Data and map backgrounds:

In the present document, we have used the statistical data related to the various administrative regions (krays, oblasts, okrugs or republics). The administrative level used certainly lays itself open to criticism (Eckert, 1996): for a country of 17 million km2, with the largest surface area in the world, we have 89 regional units, in other words, an average surface area of 190,000 km2 (the equivalent of a third of France) for each one. In addition, this administrative mesh is far from homogeneous. Indeed, the regions, socalled “subjects of the Russian Federation”, differ greatly from each other as geographical objects in both their type and surface area. We find two federal cities (Moscow and Saint Petersburg) counted as separate from the surrounding territory (called, respectively, the oblast of Moscow and the oblast of Leningrad), some very small regions (Republic of Adygea: 7,600 km2) as well as some huge territories [Republic of Sakha (Yakutia): 3 million km2]. Yet this referential framework remains the familiar one for the observer as well as for the Russian population.

An attentive reader of the maps will notice that, in certain areas, the division varies (we have occasionally lumped several regional units together). This is the case in the Caucasus, where the former Republic of Chechno-Ingushetia was divided in two just before the breakdown of the USSR. Nevertheless, the separate data are not unavailable for all of the years concerned (1979 in this particular cas was not broken down) and the evolution maps thus refer to a very rough division: This is why the evolution maps for 1979-2002 represent the two current administrative units as one statistical unit.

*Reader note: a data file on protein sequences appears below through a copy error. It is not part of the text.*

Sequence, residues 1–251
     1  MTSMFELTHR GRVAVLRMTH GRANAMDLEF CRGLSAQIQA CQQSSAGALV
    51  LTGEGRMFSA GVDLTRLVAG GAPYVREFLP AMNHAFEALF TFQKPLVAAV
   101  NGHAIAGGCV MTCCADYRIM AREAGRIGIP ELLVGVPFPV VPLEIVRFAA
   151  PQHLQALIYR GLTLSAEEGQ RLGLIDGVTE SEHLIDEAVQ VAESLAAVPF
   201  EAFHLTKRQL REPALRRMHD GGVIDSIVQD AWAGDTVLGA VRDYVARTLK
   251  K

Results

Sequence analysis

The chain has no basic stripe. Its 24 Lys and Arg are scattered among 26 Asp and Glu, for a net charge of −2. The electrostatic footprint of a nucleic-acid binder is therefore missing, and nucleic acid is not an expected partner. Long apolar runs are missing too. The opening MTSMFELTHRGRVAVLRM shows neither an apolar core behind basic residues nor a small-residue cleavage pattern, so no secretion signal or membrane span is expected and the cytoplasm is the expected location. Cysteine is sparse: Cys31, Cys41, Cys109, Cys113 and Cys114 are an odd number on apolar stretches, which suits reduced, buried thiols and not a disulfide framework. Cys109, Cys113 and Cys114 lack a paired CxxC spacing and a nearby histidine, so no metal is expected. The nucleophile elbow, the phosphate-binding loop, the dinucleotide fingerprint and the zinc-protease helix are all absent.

The case of statistics regarding the city of Norilsk

We have chosen to rectify something odd in the Russian statistics for Siberia. The population of the city of Norilsk, located in the middle of the Taymyr Autonomous District yet administratively independent from it, is indeed counted as part of Krasnoyarsk Kray, several hundred kilometres to the south. In order to obtain a reasonably significant representation of the population in this area, we have:

  • cut the population of Norilsk away from that of the Siberian kray,
  • added this same population to the figure published on the Taymyr Autonomous District in the hopes of creating a cartographically coherent spatial unit.

However, this operation was not possible for every year considered.

we have no population figures for Norilsk at this date.

the population data corresponding to the city and urban region of Norilsk for 1989 have been published and are immediately available on the site of the American university professor R. Kaiser (University of Wisconsin, Madison):

the only published data as of January 15, 2004, deal with the city centre of Norilsk. We have reconstituted the data for the urban region by applying the percentage of development measured in the city centre from 1989 to 2002 to it.

The maps which take into account the data for the year 1979 thus represent a single spatial unit: the Krasnoyarsk Kray and the Taymyr Autonomous District melded into one. This solution is crude, cartographically speaking, since it creates an enormous unit, but at least it avoids the absurdity of the original.